Neon and Nicolas Cage. There’s a match I would watch any day of the week. Neon has earned its reputation as one of the industry’s top distributors of independent films. The 57-year-old Cage churns out movies at an astounding rate. Case in point – in a two year period (2018-2019) he was in a whopping fourteen movies. FOURTEEN! Some may say he’s been slacking as of late, starring in only three movies this year, “Prisoners of the Ghostland”, “Willy’s Wonderland”, and his latest, “Pig”.
Written and directed by Michael Sarnoski, “Pig” is a surprisingly textured drama about a man looking for his stolen pig. Of course, as you might expect, there is more to it than that and Sarnoski uses this somewhat simply premise to explore a variety of themes. Most importantly there is an undercurrent of humanity that resonates through the entire film. We see it most in Cage’s performance which is a welcomed reminder that with the right material he’s still a really good actor with an Academy Award on his mantle.
Set in the Pacific Northwest, the movie opens by introducing us to Cage’s character, a recluse living off the grid in an old shack in the woods. Seeing his rumpled clothes, scruffy beard and long unkempt hair, it may be tempting to make certain judgments about the man. But there’s more to him than meets the eye and Sarnoski takes his time revealing the soul underneath the thick mane and blank solemn stare. He’s not an easy man to read, but he’s fascinating to watch thanks to Sarnoski’s patience and Cage’s quiet intensity.
The man, who we later learn is named Robin, lives all alone except for his faithful companion, a plump truffle-hunting pig. Robin’s one connection to the human world is Amir (Alex Wolff), a snarky twentysomething who comes by once a week bringing supplies in exchange for truffles (a surprisingly lucrative ingredient within the culinary world).
Robin’s quiet secluded life is rattled when two thugs armed with lead pipes bust into his cabin during the dead of night, knock him out, and steal his pig. When he finally comes to he wastes no time resolving to get back his porcine pal. A battered Robin pulls the tarp off his beat-up pickup truck and heads out. But his cabin is barely out of sight before the truck sputters to a stop. So he walks several miles to a roadside diner where he calls Amir to come pick him up. From their the two polar opposites head to Portland where Robin is forced to reconnect with a past that he has spent 15 years trying to forget. Anything for his pig.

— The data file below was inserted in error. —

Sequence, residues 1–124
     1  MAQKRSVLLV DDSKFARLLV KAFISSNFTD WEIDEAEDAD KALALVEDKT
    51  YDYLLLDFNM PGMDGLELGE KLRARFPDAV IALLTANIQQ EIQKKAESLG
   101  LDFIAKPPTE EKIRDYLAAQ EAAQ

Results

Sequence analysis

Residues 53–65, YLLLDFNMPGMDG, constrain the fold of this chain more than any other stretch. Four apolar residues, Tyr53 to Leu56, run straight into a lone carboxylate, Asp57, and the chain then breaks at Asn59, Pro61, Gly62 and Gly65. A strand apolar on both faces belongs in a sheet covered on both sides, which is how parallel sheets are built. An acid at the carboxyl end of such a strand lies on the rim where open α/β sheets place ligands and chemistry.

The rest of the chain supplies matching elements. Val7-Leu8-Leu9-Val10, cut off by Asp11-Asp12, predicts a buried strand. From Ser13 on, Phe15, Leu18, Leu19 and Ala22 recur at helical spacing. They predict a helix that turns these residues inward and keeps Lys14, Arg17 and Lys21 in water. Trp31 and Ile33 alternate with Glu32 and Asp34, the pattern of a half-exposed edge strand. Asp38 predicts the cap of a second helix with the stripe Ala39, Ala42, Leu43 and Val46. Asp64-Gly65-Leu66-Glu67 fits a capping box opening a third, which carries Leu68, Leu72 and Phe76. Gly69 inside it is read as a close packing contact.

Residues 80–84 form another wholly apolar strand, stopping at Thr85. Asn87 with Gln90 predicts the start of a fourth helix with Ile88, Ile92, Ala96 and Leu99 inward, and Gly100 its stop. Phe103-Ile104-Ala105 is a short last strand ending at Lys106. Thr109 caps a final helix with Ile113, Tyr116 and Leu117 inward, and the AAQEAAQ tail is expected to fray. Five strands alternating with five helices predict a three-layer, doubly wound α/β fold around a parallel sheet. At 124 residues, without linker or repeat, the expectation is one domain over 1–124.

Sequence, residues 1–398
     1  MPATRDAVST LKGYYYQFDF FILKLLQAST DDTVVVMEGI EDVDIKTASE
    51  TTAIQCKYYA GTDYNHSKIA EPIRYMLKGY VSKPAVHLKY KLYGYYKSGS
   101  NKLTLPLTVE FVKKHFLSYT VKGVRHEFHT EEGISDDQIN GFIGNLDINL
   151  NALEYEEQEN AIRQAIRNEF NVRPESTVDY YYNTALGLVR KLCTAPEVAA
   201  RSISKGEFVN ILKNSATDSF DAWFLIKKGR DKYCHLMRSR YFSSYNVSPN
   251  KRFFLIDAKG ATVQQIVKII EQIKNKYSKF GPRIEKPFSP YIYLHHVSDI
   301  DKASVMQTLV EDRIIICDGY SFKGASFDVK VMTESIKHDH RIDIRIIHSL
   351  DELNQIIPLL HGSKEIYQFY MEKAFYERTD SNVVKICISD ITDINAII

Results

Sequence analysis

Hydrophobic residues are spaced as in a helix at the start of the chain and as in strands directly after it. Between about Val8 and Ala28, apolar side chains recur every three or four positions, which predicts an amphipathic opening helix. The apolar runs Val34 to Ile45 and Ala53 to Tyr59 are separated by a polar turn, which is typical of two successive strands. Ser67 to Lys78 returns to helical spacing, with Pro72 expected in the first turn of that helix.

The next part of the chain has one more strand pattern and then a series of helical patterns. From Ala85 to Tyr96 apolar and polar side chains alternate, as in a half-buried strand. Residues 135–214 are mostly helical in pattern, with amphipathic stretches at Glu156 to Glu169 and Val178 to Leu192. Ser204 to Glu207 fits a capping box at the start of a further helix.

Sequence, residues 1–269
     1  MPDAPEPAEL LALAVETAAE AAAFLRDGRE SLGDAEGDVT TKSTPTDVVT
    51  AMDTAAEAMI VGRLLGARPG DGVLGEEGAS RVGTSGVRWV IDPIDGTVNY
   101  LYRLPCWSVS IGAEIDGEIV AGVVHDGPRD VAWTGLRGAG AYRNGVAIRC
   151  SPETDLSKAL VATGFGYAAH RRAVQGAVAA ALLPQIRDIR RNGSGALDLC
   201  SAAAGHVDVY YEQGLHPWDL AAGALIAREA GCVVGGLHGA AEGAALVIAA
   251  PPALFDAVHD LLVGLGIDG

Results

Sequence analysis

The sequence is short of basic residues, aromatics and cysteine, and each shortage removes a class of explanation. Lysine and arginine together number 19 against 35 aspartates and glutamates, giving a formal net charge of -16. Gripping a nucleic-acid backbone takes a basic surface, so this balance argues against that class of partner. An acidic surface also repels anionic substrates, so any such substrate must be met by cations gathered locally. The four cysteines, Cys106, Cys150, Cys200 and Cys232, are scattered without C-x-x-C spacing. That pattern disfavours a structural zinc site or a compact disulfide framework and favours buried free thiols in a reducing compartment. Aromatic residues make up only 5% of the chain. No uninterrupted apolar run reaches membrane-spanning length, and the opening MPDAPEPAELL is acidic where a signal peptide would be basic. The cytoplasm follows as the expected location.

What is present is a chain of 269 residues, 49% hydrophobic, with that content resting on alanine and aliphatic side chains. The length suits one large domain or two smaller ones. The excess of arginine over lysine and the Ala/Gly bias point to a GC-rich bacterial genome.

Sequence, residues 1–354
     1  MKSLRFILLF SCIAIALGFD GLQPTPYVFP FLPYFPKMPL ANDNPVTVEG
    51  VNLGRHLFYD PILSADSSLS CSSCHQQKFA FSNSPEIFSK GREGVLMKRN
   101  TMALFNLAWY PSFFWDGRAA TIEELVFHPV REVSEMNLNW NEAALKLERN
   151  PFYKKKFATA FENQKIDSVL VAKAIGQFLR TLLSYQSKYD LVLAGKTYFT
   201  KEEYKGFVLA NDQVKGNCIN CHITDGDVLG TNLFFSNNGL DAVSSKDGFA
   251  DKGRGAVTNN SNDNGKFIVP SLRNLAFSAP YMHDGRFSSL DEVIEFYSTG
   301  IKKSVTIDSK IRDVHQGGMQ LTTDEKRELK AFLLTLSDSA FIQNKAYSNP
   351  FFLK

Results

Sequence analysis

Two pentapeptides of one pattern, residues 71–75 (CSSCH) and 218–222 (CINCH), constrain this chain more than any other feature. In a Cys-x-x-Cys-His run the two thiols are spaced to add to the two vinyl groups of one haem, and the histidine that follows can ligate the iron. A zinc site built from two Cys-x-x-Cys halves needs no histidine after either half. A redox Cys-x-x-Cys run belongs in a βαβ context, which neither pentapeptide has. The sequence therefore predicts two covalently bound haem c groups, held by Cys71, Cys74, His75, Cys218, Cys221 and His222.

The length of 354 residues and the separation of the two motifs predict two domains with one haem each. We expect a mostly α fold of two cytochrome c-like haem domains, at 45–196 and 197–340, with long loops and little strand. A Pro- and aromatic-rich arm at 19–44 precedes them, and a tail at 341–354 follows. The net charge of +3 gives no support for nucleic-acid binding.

When the trailer for “The Pig” came out it left a lot of people wondering what kind of movie it would be. I remember reading all kinds of speculation. A few wondered if it could be some kind of dark fairytale; others saw it as a John Wick-styled revenge flick. Even in the movie itself Sarnoski does a good job keeping his audience in the dark, letting his story play out to a slow boil and his main character gradually come to light.
But you shouldn’t bring along any genre expectations. At its core “The Pig” is a thoughtful and introspective character study of a complex man seemingly broken and full of pent-up emotion. We do learn a few details along the way such as he was once a renowned Portland chef with a photographic memory. “I remember every meal I ever cooked. I remember every person I ever served.” And there are hints of a past love mostly concealed on an old cassette tape labeled “For Robin” that he can’t bring himself to play.
Yet there’s a lot we never learn, and as much as I love the film’s restraint we never really get to know Robin. There’s also a side story with Amir and his father (Adam Arkin) that’s desperate for more attention which never quite comes. These things hold the film back and keep us from fully connecting with the characters. But there’s still a lot to like about “Pig” and it’s great to see a subdued Nicolas Cage really lose himself in a role. I was completely absorbed in Robin’s journey and Sarnoski fully earns our empathy despite not fully satisfying our curiosity. “Pig” hits theaters this Friday (July 16th).